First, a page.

It seems that Churchill residents and visitors woke up this morning to find most local polar bears had left to go hunting — on the sea ice that supposedly doesn’t exist. Right in the middle of the Polar Bear Week campaign devised by Polar Bears International to drum up donation dollars and public sympathy for polar bear conservation!
Frigid temperatures and north winds last night helped the process along, but this early freeze-up has been in the works for almost a week. From what I can ascertain, it appeared the only bears around onshore today were a mother with her young cub moving out towards the ice (females with cubs are usually the last to move offshore, probably to reduce the risk of encounters with adult males who might kill the cubs).
Tundra Buggy cams at Explore.org have been showing markedly fewer bears today and those that have been seen were on the ice (see above and below) or heading out to it.
The chart below is for yesterday (7 November), before the cold and north winds hit the region. It shows the concentration of ice that’s >15 cm thick.
The chart for 8 November is below, after the storm.
This is ice thick and extensive enough for polar bears to go hunting. Some bears almost certainly left shore yesterday, with the rest following quickly on their heals today. There are sure to be some stragglers left ashore that will leave over the next few days but the fact remains: there is sea ice to be had for those polar bear willing to start hunting.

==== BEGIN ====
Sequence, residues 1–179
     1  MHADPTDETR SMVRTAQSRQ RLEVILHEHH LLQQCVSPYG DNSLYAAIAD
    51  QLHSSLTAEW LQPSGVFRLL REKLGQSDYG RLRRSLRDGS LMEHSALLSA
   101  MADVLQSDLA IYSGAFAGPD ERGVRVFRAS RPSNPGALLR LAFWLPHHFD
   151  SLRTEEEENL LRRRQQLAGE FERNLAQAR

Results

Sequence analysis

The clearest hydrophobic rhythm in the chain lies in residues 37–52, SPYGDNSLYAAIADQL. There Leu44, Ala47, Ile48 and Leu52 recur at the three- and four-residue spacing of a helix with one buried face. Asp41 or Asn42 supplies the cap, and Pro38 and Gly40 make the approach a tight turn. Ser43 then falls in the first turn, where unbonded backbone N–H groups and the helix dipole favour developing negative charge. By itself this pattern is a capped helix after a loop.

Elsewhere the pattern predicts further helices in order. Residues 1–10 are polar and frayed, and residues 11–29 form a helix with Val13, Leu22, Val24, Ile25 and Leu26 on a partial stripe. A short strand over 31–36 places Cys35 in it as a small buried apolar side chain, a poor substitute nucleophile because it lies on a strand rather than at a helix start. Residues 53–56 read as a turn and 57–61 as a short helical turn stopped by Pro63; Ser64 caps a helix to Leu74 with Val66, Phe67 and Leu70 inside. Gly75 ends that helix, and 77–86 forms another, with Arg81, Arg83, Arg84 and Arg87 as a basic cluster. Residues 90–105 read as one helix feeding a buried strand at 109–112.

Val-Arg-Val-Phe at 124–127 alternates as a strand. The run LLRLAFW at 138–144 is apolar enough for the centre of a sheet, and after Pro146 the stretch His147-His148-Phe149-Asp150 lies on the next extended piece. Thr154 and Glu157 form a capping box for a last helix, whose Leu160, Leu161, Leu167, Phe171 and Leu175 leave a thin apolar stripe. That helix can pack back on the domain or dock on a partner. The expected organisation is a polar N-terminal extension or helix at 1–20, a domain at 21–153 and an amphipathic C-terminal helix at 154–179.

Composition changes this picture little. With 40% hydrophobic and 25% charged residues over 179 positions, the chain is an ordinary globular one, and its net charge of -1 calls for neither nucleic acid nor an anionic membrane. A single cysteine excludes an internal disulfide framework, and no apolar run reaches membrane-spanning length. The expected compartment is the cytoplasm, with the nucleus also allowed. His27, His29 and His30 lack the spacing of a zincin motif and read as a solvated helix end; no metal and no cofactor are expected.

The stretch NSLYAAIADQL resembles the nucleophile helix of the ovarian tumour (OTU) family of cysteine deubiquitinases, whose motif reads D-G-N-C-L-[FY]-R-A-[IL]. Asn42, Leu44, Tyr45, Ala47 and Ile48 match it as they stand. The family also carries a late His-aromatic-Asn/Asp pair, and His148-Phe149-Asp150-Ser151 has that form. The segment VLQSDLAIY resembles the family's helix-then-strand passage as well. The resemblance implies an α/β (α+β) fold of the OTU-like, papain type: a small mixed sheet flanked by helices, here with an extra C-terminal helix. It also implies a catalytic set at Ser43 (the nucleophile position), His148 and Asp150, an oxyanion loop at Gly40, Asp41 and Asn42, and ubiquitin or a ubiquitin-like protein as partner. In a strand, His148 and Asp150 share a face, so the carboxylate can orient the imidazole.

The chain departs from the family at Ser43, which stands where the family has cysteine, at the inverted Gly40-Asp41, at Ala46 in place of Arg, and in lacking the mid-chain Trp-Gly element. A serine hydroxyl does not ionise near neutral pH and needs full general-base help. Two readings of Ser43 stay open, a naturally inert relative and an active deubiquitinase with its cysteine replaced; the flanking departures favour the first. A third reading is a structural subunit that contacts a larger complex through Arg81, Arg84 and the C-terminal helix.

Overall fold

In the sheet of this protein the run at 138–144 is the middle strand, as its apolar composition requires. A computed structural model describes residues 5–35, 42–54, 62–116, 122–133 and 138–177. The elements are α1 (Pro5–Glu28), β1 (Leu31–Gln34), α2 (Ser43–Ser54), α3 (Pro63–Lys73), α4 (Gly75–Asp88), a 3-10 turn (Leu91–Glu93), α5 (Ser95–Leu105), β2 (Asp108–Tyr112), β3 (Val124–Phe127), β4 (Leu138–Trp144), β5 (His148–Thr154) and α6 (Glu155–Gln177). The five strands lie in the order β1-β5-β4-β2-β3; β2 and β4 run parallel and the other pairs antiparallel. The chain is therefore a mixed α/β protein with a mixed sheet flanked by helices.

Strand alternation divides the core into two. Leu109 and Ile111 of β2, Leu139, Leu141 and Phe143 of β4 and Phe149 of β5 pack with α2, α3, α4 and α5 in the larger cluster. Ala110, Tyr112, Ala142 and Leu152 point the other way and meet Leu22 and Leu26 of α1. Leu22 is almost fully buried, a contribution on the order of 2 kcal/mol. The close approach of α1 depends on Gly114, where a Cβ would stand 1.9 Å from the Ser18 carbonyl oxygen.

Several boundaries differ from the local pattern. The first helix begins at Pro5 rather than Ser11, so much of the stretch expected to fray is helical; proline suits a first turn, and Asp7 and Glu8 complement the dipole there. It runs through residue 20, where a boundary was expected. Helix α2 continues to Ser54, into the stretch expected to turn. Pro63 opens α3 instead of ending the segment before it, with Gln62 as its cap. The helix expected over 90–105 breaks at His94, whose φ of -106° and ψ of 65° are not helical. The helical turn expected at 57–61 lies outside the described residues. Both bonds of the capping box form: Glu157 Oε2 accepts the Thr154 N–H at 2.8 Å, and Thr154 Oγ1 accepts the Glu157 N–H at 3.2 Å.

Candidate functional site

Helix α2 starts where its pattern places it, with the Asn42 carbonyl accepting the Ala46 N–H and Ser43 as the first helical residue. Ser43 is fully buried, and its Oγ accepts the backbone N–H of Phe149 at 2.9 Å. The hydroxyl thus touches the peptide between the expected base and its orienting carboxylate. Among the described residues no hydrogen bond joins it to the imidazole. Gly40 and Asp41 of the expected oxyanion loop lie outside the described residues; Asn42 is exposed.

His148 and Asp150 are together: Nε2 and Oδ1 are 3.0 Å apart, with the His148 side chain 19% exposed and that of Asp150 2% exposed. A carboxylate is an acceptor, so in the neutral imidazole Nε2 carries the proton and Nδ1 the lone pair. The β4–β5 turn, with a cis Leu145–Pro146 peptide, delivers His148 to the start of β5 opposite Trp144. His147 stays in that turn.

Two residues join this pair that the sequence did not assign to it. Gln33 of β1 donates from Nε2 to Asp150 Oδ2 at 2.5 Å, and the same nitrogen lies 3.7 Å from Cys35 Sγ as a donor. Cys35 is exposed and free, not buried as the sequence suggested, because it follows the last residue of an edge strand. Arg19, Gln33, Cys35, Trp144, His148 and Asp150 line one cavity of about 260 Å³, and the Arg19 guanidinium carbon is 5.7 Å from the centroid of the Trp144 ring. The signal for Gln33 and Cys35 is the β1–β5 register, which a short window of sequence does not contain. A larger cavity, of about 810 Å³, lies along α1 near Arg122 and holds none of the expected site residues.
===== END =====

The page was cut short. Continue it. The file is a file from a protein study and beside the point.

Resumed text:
Watch polar bear on the WHB sea ice below (screen caps below – and one above – were taken the afternoon of 8 November, from the Tundra Buggy Cam live feed near Churchill).
Keep in mind that in the 1980s, bears left for the ice on 8 November, on average. That means we’re back to a 1980s freeze-up scenario, at least for this year.
Funny how no one bothered to mention the potential for an early freeze-up to the media last week, when scientist were so eager to talk about the imminent demise of WHB bears. And funny that Polar Bears International hasn’t tweeted a word today about the famous Churchill bears having enough sea ice to go hunting, smack in the middle of Polar Bear Week.
Yes, the “Save Our Sea Ice” PBI rallying cry sounds a bit hollow with sea ice as far as the eye can see off Churchill today. But will anyone in the mainstream media point out the irony?
See charts below for years back to 2004, on this date (2005 missing for some reason), to compare to the above 8 November image (2004 is as far back as the archive goes).
In 2016, there was ice developing along shore on this date but a south wind came along and blew it offshore. Bears didn’t leave the ice for another 4 weeks:
What the ice looked like on 7 December 2016, when most bears left shore:
The weekly chart for that first week in December 2016 (daily charts not available):
In 2015, most bears were hunting by 20 or 21 November although a few left earlier when the ice looked like this:
In 2014, there was little is by 8 November…
but most bears were gone by 16 November:
2013 saw little ice by 8 November…
But most bears left during the week after 13 November:
2010 (freezeup was late, bears left early December):
2007 (looks like an early freeze-up year to the north, not so much around Churchill):
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